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The Lesser of Two Evils
ened, it conceded certain liberal measures and then revoked them almost entirely as its strength returned. What have we to expect from a victory for Tsarism, especially we who are not Russians, but a savage revival of the crushing ideals of Panslavism ?
This is the agonised question which the nations subject to Russia are asking now. I read in your article that the turn of Tsarism will come after that of Prussianism. In what sense is this to be understood? Is it your opinion that another war will presently break out against Tsarism, or will it be struck down by the blows of an internal revolution ? Is it even possible that France and England obtained the promise of a reform in the internal politics of Russia before allying themselves with her? And is the proclamation to the Poles evidence of this ? Will it have any real effect after the war ? And those other nations oppressed by Russia the Finns, the Letts, the Lithuanians, the Esthonians, the Armenians, the Jews . . . will they too have justice done them ?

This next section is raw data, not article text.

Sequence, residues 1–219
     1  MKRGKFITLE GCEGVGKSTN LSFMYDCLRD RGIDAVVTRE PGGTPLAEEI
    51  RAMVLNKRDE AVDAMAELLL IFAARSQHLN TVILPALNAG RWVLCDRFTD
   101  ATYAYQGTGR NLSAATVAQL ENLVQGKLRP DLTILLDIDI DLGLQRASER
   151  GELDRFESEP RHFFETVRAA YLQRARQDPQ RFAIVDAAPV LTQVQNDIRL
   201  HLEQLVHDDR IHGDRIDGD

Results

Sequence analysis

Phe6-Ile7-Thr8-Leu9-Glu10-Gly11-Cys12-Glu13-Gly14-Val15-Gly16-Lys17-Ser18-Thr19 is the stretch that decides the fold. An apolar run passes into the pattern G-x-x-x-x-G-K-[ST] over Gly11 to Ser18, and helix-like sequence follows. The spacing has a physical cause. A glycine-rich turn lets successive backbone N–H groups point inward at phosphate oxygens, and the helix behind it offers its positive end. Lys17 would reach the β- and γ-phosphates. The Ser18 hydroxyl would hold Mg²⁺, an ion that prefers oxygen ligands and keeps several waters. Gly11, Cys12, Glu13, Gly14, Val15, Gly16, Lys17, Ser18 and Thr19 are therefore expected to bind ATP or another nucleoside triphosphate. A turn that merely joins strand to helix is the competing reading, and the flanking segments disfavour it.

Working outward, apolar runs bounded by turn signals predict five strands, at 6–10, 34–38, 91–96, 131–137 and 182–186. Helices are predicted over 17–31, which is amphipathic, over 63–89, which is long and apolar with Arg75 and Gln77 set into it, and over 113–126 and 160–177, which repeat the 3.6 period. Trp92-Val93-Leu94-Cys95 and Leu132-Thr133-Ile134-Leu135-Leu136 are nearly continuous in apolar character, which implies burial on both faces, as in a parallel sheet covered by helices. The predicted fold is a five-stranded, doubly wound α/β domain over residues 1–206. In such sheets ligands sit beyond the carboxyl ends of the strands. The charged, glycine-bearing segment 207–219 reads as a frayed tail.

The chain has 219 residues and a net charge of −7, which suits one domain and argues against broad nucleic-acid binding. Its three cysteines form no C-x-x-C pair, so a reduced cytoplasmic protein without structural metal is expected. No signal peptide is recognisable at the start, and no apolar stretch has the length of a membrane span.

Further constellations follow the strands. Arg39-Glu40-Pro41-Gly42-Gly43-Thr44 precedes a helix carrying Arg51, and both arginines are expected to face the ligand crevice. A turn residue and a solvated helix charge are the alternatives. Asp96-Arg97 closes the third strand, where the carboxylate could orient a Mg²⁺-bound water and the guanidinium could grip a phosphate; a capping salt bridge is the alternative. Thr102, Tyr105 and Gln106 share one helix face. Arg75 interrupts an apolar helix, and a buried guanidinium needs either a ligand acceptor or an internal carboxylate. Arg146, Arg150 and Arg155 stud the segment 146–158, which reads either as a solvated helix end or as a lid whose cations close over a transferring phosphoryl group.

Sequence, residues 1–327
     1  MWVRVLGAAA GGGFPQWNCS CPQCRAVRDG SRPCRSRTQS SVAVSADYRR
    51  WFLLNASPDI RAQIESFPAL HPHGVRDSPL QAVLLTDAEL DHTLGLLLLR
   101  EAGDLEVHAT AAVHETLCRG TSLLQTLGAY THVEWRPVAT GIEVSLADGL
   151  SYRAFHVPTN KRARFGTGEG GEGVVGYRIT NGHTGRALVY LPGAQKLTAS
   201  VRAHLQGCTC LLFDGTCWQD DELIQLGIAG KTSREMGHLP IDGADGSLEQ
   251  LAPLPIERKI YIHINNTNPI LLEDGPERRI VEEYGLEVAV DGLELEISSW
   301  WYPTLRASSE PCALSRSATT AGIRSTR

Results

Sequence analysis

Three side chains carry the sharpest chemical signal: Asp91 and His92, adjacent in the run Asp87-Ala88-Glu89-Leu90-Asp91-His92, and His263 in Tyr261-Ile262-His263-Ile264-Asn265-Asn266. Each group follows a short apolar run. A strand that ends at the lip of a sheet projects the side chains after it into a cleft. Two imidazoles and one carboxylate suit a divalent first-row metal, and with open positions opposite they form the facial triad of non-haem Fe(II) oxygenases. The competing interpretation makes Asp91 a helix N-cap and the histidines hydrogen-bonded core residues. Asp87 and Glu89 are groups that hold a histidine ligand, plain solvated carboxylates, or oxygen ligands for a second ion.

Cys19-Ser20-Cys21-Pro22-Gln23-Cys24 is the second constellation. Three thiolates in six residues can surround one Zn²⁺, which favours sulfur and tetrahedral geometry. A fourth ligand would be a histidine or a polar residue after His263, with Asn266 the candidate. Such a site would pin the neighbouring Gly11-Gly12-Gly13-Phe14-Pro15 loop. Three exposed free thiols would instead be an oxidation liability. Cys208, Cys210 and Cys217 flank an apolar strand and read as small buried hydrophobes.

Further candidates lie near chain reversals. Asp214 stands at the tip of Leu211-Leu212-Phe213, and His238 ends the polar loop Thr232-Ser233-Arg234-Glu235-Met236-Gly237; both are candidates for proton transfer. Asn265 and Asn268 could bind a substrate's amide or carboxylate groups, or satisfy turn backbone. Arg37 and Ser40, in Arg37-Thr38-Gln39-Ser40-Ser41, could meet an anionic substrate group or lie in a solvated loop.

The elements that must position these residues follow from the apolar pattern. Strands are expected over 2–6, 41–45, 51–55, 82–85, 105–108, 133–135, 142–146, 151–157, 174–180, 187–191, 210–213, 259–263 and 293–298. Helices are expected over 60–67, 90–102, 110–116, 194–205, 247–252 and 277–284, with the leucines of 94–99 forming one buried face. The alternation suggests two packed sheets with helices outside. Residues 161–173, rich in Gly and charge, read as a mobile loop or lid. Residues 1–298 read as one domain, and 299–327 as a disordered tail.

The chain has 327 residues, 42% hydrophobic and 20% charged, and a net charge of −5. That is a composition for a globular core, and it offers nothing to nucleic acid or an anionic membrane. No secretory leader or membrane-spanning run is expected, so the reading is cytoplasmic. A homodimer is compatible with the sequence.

These questions are probably devoid of any political significance. Yet without perceiving in what manner France and England can set us free, we do direct our hopes towards them. We